A photographer who was preparing to capture thunderclouds against the background of the night sky suddenly witnessed a rare atmospheric phenomenon – red sprites over Arizona.
Greg McCown was planning a photography tour for June 16. But, on that day, meteorologists reported the absence of any thunderclouds. Therefore, McCown redirected his group to Windy Point, located at the top of Mount Lemmon.
“A large storm moved clear down in Mexico about 150 miles south of our position at Windy Point lining up perfectly with the Milky Way core. After some instruction on how to photograph sprites, most in our group were able to catch these elusive gems,” said McCown.
What are sprites?
Sprites are atmospheric discharges discovered only about 20 years ago. They occur at a high altitude, about 80 km above a thunderstorm, immediately after a lightning strike.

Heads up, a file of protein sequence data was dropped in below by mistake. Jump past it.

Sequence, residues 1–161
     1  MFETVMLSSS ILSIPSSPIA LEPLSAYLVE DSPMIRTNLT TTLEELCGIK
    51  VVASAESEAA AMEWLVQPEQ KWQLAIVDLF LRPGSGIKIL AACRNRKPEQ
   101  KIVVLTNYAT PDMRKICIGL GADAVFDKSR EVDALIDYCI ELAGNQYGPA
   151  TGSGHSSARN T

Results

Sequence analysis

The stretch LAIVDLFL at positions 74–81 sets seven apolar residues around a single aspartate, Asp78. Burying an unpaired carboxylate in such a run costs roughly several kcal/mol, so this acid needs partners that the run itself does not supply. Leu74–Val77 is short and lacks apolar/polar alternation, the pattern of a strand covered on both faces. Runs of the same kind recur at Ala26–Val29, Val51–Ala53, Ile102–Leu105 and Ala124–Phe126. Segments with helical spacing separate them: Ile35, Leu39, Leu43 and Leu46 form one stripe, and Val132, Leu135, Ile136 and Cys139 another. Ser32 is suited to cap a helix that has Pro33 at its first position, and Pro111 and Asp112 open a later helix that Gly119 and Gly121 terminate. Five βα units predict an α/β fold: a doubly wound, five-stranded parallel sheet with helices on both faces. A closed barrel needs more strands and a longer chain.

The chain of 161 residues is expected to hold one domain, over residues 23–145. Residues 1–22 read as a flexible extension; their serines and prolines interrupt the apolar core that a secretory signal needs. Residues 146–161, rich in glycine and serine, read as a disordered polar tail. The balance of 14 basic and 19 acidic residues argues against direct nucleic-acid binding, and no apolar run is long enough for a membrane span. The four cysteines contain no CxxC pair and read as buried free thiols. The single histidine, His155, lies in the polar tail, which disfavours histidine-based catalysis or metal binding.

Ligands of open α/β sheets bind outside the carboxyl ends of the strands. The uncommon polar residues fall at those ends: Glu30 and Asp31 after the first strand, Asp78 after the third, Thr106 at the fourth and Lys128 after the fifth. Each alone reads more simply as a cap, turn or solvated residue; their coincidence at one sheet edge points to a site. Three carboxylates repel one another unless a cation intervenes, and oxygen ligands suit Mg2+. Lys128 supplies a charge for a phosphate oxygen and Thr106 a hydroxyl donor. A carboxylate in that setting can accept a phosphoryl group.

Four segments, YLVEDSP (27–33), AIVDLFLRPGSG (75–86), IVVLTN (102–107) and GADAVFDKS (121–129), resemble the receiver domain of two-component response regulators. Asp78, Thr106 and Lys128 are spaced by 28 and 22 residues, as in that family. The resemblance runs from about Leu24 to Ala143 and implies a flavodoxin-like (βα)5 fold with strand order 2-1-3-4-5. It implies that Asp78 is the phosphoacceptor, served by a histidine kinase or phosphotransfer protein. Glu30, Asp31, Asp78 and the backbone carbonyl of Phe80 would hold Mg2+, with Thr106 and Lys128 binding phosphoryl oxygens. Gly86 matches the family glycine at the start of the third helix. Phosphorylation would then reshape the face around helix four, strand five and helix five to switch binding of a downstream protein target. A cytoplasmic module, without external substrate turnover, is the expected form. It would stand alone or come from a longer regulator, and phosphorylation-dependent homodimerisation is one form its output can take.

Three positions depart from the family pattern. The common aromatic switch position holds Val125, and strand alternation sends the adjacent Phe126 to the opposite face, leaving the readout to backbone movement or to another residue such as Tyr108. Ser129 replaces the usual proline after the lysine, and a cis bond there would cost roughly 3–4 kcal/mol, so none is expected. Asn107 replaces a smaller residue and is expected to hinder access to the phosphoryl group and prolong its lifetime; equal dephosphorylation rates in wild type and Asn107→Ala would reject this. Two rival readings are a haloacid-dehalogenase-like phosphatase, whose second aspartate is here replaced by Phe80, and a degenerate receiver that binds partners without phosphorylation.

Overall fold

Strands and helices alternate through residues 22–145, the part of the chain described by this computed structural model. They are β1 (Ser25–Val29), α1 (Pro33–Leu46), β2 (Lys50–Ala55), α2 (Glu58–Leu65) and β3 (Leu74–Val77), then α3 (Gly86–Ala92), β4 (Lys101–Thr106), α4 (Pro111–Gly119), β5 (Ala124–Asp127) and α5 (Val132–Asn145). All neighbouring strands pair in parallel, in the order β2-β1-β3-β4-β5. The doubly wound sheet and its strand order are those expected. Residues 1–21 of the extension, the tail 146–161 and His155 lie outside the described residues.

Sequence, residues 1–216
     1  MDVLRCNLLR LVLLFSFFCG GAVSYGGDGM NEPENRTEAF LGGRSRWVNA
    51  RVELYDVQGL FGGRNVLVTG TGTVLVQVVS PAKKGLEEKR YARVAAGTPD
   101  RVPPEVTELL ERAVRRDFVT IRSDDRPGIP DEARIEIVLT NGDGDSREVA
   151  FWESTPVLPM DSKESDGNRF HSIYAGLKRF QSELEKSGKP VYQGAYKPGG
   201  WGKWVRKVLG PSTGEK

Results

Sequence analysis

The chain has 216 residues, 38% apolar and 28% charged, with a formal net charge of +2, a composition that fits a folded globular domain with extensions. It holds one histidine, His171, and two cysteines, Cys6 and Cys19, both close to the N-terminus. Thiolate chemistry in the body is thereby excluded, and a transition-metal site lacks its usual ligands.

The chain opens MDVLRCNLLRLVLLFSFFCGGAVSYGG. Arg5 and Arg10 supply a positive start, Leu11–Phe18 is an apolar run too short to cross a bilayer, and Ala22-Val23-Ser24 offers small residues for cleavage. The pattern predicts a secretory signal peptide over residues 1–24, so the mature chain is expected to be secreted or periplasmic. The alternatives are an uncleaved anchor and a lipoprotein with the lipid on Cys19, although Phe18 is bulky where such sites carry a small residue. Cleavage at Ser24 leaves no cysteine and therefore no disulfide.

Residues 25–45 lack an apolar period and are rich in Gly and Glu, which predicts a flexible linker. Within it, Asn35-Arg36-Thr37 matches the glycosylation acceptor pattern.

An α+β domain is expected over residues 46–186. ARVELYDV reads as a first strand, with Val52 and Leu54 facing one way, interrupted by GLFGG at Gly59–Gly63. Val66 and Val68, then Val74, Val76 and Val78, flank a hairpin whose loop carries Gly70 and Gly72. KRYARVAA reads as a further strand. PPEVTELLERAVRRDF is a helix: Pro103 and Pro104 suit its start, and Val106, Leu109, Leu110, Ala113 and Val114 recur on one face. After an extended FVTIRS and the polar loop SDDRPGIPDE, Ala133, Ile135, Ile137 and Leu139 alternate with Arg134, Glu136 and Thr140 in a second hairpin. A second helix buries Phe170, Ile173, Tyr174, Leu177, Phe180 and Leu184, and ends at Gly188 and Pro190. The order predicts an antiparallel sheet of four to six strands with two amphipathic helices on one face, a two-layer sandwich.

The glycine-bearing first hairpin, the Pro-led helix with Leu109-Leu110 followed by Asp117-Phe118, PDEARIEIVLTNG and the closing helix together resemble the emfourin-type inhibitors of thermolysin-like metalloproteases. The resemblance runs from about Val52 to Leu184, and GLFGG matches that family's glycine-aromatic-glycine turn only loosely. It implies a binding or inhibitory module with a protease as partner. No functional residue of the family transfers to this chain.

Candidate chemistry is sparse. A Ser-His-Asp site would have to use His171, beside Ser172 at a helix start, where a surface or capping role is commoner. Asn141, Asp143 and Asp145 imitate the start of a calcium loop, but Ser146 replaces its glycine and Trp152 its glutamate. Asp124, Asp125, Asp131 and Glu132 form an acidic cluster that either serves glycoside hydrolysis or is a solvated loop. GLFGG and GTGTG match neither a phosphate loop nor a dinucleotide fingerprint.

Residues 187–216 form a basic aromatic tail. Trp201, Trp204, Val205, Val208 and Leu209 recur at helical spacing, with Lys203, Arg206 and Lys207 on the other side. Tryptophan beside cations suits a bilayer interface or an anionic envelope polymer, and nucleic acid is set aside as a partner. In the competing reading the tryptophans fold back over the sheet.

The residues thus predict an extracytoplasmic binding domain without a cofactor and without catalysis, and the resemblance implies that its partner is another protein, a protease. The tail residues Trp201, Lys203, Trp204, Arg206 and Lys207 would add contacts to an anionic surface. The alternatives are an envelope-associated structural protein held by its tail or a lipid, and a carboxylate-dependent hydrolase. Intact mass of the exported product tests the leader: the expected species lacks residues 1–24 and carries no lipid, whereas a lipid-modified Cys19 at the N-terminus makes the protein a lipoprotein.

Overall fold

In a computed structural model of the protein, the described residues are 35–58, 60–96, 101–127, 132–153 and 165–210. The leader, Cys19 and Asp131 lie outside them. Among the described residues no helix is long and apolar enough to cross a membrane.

Red sprite flares can have different shapes. One of the very rare forms is a phenomenon called ELVE, which is also the largest and rarest. To see it, it is necessary to be far away from the thunderstorm. One of the photographers, Valter Binotto, was able to capture this phenomenon in Italy back in March 2023.
“I’ve photographed them about five times before. As soon as we saw the big storm down in Mexico on radar we knew we had a good chance,” added McCown.
To photograph sprites from the top of Mount Lemmon, McCone used a Nikon Z6 camera and a 50 mm lens.
Together with John Sirlin, McCone runs the company Storm Photo Tours and specializes in photographing storms. They conduct workshops for photographers in May and June on the plains and in summer during the monsoon season in July and August. You can see more of Greg McCown’s work on his Instagram pages and his website.
Earlier we reported how an astrophotographer noticed two of the rarest atmospheric phenomena.
According to PetaPixel
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